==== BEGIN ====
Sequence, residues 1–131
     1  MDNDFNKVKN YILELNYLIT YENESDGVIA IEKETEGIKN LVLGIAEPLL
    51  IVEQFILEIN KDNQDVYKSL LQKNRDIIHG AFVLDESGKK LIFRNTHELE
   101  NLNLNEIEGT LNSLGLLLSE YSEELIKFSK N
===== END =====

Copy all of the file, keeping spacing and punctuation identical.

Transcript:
Sequence, residues 1–131
     1  MDNDFNKVKN YILELNYLIT YENESDGVIA IEKETEGIKN LVLGIAEPLL
    51  IVEQFILEIN KDNQDVYKSL LQKNRDIIHG AFVLDESGKK LIFRNTHELE
   101  NLNLNEIEGT LNSLGLLLSE YSEELIKFSK N